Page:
Rear Yard drainage in Warren,MI
TO: Warren Property Owners
FROM: Todd Schaedig, P.E. Acting City Engineer
RE: Rear Yard Drain Issues
Important facts regarding rear yard drainage in the City of Warren.
1. Warren is an extremely flat city. Water only flows if it is made to flow
by the creation of high and low spots.
2. Most of Warren sits on heavy clay which does not let water seep into
the ground very well or at all.
a. Wet back yards in the spring are quite normal and usually dry out
after the weather warms up.
b. There may be a few weeks in April and May when you may not be able
to mow your grass because of the standing water or soft ground.
This is tolerable for most residents, but not acceptable for others.
3. -Most of the neighborhoods in Warren were built in the 60’s and 70’s,
and the requirements at that time were for the developer to install
one back yard drain (catch basin) for every eight subdivision lots.
4. Most rear yard flooding is caused because of changes that have occurred
to the grade along the back property line of resident’s lots.
a. Planting trees and shrubs which grew on top of the clay base and created
high points near the trunks that prohibit water from flowing through as it used too.
b. Installing a shed along the back property line that does the same.
c. Installing a garden or planting bed that raised or changed the original grade.
5. The changes noted above could be on your property or on your neighbor’s property.
6. Residents are permitted to bring in dirt to level their backyards,
fill low spots, or plant gardens.
a. Residents can bring in up to 50 cubic yards without a permit
(the equivalent of five tandem axle dump truck loads.
Over 50 yards requires a permit and approved grading plan.
b. residents are to grade their lot in such a manner as to maintain drainage
along the rear lot line, and the side lot line even if a permit is not needed.
Rear Yard Drainage Policies, page 2
7. Your backyard is private property as is your neighbor’s backyard.
If you think your neighbor is causing flooding in your yard,
that is a civil matter and not one that the City can mediate.
Most rear yard flooding problems are this type of situation.
8. The City’s responsibility.
a. To keep existing drains in backyards functioning.
If you have a drain and it is not working, you can
call the DPW to have them repair it.
b. To enforce Section 32 of the Warren Code of Ordinances
as it relates to the 50 cubic yard limit on dumping dirt.
c. To make sure that new development will not negatively
impact existing properties by causing flooding.
-1. Residents do not realize that vacant properties usually collect water
from developed areas until those vacant properties are developed.
-2. The city requires internal drainage of all new developments so that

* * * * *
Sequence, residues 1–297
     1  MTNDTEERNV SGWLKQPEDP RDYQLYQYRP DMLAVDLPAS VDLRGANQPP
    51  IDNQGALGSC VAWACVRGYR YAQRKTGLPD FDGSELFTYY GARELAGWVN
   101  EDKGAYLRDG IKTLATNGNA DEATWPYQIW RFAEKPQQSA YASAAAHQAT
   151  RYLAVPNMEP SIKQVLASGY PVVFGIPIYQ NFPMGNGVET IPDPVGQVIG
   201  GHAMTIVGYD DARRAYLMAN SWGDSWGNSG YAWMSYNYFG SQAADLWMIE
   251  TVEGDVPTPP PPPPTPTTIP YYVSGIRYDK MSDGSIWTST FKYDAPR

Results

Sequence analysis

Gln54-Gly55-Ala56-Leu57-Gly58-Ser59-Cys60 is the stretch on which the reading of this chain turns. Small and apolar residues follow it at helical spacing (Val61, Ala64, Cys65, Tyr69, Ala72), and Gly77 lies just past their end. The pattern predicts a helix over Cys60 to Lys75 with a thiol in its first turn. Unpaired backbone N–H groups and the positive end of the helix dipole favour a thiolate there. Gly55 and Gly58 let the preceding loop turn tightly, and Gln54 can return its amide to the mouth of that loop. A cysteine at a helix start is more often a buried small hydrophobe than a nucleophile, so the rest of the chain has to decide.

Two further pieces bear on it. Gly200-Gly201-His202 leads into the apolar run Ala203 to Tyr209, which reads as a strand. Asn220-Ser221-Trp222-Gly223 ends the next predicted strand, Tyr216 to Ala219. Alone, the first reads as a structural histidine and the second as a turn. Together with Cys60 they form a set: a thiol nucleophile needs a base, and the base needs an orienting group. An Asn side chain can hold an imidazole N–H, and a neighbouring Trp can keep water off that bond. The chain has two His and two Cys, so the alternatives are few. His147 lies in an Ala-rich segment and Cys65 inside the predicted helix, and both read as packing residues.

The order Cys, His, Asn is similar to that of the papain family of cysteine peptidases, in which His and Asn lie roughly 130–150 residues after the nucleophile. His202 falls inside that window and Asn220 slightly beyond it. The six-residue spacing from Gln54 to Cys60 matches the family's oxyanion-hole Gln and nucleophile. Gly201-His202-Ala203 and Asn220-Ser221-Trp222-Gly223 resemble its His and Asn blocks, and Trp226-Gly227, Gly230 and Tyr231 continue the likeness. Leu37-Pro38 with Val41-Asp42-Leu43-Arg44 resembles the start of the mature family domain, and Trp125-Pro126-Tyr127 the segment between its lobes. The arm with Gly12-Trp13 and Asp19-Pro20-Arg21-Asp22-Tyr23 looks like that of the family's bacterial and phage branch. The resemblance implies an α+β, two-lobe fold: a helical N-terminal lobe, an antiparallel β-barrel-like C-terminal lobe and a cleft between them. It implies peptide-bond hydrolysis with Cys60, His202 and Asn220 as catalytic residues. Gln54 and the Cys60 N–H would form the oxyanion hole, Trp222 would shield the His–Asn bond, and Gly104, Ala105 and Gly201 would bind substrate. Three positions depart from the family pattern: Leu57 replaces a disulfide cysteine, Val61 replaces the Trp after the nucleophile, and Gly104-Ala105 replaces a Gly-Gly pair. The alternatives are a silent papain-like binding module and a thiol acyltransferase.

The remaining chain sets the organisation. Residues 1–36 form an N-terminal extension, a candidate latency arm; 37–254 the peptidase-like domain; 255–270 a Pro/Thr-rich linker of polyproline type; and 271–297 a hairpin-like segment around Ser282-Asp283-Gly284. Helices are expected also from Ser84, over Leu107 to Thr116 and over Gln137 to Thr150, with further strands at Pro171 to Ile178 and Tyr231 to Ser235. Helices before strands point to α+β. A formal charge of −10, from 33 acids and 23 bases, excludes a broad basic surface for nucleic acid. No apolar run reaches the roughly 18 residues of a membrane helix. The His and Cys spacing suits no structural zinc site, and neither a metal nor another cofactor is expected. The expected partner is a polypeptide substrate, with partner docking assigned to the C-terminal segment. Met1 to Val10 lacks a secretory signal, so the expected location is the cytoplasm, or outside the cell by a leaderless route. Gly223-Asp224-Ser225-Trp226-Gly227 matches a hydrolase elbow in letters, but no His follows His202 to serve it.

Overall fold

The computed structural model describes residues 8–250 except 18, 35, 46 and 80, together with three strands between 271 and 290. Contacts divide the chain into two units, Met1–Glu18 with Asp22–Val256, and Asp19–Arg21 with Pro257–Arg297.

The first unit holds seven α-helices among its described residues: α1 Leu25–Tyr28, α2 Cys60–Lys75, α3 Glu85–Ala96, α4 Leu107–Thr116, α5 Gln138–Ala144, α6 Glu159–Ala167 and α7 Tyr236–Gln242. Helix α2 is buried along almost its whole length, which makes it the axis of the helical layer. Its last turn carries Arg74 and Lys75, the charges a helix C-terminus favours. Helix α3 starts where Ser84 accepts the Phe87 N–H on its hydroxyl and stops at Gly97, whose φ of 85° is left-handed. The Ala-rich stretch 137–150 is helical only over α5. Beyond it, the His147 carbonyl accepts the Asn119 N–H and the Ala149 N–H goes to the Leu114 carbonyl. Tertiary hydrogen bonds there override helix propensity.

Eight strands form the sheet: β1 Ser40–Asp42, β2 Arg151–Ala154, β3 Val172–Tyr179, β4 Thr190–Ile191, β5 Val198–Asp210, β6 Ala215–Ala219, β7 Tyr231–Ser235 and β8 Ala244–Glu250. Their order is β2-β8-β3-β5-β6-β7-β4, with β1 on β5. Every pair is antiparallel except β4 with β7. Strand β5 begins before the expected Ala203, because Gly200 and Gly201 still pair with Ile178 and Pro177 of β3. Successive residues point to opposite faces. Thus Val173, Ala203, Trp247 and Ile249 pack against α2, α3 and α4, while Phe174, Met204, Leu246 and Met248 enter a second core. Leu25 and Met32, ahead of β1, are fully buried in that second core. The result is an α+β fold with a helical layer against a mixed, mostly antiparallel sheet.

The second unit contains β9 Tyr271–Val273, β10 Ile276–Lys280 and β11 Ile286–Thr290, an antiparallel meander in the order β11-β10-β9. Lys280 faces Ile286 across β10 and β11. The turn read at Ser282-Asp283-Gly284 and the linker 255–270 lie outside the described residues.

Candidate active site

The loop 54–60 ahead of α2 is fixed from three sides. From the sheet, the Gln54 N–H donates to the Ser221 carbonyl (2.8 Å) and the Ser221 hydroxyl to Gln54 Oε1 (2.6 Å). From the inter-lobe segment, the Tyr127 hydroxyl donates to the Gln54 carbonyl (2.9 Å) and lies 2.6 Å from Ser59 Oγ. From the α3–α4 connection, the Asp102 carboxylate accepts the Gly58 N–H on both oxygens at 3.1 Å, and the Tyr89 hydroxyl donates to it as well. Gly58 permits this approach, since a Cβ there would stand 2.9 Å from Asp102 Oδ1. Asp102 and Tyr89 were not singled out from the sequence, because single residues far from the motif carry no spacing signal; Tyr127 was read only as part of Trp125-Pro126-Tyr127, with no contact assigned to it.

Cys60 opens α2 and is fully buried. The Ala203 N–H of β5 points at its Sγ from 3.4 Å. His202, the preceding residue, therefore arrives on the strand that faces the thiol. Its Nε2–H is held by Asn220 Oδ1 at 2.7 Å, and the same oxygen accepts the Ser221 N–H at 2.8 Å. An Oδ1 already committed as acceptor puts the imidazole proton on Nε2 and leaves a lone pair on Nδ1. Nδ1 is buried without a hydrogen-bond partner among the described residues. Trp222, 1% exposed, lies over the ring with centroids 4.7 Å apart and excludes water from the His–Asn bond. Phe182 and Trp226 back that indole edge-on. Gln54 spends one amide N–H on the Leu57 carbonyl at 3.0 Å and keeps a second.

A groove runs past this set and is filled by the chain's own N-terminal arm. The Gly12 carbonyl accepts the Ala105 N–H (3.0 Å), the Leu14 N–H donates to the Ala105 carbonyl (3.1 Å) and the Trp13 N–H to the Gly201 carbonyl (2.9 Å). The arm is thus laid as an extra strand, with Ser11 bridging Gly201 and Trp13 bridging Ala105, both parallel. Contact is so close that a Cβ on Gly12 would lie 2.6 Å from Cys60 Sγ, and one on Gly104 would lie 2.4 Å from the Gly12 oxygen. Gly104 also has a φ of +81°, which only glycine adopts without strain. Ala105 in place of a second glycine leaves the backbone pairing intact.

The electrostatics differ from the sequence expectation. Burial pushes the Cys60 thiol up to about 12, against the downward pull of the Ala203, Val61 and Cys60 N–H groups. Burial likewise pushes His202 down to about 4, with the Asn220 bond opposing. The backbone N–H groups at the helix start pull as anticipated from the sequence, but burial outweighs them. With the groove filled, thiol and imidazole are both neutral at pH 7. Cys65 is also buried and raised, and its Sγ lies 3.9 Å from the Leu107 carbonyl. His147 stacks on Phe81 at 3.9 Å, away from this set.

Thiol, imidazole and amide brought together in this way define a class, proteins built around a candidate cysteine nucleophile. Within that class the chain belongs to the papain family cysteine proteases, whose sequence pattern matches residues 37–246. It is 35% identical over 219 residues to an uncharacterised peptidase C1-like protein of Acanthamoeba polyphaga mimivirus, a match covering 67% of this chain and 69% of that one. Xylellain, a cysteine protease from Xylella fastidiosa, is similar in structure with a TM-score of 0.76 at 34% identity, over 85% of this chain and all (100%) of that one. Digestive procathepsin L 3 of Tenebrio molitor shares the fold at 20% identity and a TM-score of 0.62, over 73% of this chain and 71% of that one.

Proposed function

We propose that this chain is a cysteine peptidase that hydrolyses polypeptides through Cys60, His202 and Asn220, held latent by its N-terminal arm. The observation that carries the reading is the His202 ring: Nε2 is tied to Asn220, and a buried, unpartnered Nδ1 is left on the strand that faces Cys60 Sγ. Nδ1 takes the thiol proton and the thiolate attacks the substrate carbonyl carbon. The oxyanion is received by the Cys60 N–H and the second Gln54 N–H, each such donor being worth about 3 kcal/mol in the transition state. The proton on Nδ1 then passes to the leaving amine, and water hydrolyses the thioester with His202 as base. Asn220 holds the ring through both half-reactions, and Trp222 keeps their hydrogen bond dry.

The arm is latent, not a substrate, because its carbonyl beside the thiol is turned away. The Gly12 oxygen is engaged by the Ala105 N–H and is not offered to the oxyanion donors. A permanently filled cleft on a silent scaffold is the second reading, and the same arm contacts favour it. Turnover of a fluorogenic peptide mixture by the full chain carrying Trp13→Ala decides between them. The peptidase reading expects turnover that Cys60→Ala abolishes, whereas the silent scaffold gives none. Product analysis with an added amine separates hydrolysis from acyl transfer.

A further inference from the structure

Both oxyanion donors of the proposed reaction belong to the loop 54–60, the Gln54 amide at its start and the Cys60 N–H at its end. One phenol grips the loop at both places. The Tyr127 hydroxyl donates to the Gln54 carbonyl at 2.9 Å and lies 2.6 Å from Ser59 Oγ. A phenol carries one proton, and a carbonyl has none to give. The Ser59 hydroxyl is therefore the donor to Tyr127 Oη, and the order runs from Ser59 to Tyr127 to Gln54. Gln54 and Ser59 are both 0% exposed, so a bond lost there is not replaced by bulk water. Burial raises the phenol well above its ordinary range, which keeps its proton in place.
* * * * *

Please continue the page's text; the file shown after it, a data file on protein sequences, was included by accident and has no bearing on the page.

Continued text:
water is not “shed” from new parking lots or roofs on to adjacent properties.
-3. Site plan approval tries to take into account runoff from existing properties
so that water is not retained on them after construction is completed.
9. Resident’s responsibilities.
a. If you have a catch basin in your backyard, do not block flow to it.
Don’t raise the grade around it or cover it up with something like a planter or a wishing well.
b. Don’t change the grade at your side lot line or rear lot line.
If you need to fill your yard, do it so that the yard slopes to those lot lines.
Do not fill along your fence.
c. Talk to your neighbor if you think his/her activities are impacting your property.
d. If you have a sprinkler system, don’t over water along your property line,
and make sure your sprinkler heads face your yard only.
d. Install a new drain in your backyard if the situation cannot be tolerated.
10. What will the City do to help you if you have a flooded yard.
a. An engineering representative will meet with you to see if the flooding problem
can be rectified and make recommendations on how to fix the problem.
b. If the problem involves installation of a new drain in your yard,
the Engineering Division will put you on list for installation of a
new connection point for the rear yard drain, into the public storm sewer system.
The City will also hire a contractor to perform the work needed in the
public right of way at no cost to the resident.
This is the most expensive part of the installation.
11. Perpetual standing water.
a. If there is standing water that persists into the summer
and it obviously becomes a nuisance (smells, breeds insects, etc.)
property owners can be ticketed and made to rectify the situation
by the health officer for the City.
b. Those types of complaints should be made to property maintenance or the building division.
PUBLIC SERVICE DEPARTMENT ENGINEERING DIVISION
One City Square, Suite 300
Warren, MI 48093-2390
Fax (586) 759-9318